NEW YORK — The nation’s retailers had a modest start to the holiday shopping season as consumers jammed stores for bargains in the early morning hours Friday but seemed to lose interest as the weekend wore on.
“There was a lot of hype, a lot of promotions and lot of people, but the results were on the lukewarm side,” said Michael P. Niemira, chief economist at the International Council of Shopping Centers.
According to ShopperTrak RCT Corp., which monitors sales at more than 45,000 retail outlets, sales for the combined Friday and Saturday period slipped 0.5 percent to $13.4 billion, from the year-ago period.
Analysts said there was heavy shopper traffic for the day after Thanksgiving, but consumers apparently lost their enthusiasm once those early bird specials were over.
“If you give Americans a bargain, they will get up whatever time to take advantage of it. But I don’t think this weekend turned out to be as big as retailers hoped,” said C. Britt Beemer, chairman of America’s Research Group, based in Charleston, S.C.
Discounters and electronics stores, which drew crowds of people clamouring for discounted electronics items, appeared to be the big winners. But analysts said business at apparel stores seemed more mixed.
Wal-Mart Stores Inc., which stumbled in the 2004 holiday season by not offering enough discounts, was back in the game, attracting shoppers in the pre-dawn hours Friday with discounted TVs and digital cameras. Its efforts appeared to have paid off; it reported better-than expected sales Friday and estimated that November sales at stores open at least a year would be up 4.3 percent.
J.C. Penney Co. Inc. said traffic and sales over the weekend were better than expected, but didn’t give details. Toys R Us Inc. spokeswoman Kathleen Waugh said the company was pleased with results for the weekend, and cited such best-selling bargains as Mattel Inc.’s Barbie Fashion Mall and MGA’s Bratz doll styling head.
While the Thanksgiving weekend marked the official start of the holiday shopping season for stores on land, Monday kicks off the season for online retailers. So far, early signs bode well for the rest of the season.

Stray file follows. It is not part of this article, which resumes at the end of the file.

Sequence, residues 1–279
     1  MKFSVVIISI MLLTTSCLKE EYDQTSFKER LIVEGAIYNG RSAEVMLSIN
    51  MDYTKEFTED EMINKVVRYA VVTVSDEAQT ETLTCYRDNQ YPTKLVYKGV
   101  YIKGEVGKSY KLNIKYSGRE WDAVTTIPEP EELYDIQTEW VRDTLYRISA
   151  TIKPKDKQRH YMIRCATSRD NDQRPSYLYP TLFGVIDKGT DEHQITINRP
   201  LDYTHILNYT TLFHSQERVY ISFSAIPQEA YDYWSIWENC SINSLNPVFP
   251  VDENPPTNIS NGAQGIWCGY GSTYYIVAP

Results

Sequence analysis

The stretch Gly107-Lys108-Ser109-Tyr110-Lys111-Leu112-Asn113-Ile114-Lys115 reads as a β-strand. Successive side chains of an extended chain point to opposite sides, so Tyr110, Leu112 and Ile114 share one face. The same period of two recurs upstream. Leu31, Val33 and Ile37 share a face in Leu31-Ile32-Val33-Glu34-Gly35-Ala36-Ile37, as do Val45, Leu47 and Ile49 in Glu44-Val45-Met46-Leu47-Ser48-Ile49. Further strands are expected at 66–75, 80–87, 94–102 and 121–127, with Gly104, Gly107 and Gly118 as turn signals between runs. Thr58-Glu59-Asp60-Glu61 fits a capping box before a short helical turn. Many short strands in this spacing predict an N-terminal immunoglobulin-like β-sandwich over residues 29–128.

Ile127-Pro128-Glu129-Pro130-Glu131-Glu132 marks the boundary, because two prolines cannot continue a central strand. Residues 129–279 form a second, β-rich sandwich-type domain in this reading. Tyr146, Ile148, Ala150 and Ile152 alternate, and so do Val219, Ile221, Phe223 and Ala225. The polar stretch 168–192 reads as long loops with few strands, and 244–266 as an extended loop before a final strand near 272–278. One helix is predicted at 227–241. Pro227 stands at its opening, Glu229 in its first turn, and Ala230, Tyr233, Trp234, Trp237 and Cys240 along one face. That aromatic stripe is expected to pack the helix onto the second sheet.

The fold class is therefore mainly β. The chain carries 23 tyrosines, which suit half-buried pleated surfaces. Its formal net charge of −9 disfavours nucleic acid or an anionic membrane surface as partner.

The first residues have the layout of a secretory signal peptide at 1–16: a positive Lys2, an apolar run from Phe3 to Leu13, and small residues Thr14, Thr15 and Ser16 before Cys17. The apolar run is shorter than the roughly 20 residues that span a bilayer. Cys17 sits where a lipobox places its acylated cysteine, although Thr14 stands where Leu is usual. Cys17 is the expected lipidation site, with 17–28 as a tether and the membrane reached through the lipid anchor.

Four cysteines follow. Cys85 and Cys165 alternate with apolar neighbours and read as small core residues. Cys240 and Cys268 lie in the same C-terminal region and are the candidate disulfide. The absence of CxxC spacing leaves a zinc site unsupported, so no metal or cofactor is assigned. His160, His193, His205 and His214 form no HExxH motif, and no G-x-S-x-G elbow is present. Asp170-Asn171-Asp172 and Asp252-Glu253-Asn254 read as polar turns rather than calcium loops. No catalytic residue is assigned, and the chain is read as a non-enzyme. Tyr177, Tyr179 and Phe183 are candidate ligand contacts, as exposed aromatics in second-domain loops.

Non-travel online retail sales rose 22 percent to $1.89 billion for the week ending Friday, compared to year-ago period, according to comScore Networks, an Internet research firm.
Nielsen/NetRatings said traffic to online shopping sites grew 29 percent year-over-year on Friday.
Yahoo! Shopping reported that the number of visits to its site rose 52 percent on Friday, better than the 30 percent jump expected.
Video: Holiday sales breakdown Forecasts for holiday shopping have improved in recent weeks amid declining gasoline prices. But gas is still more expensive than this time last year, and shoppers face higher heating bills this winter. Given such challenges, stores tried to lure shoppers with more enticing bargains, expanded hours on Friday and other gimmicks.
According to a Goldman Sachs & Co. report, released Monday, 31 mall-based apparel retailers discounted more heavily on Friday than a year ago. In 2004, only 23 merchants did more price cutting than the previous year.
A clearer picture will emerge Thursday, when retailers report sales results for all of November.
Many shoppers were budgeting in the early going.
At a Target store in Warwick, R.I., Dwight Garrett was pleased with a DVD player, marked down to $29.97 from $44.99.
“You can’t beat the price,” said Garrett, who had traveled with his wife from Plainfield, Conn., to shop at Target, Penney and other stores along a road of big-box outlets in Warwick.
Others weren’t satisfied with the discounts.
“There’s nothing special about the deals. They’re the same as any other weekend sale,” said Nikhilesh Agarwal of York, Pa., who was shopping at Towson Town Center in Towson, Md.
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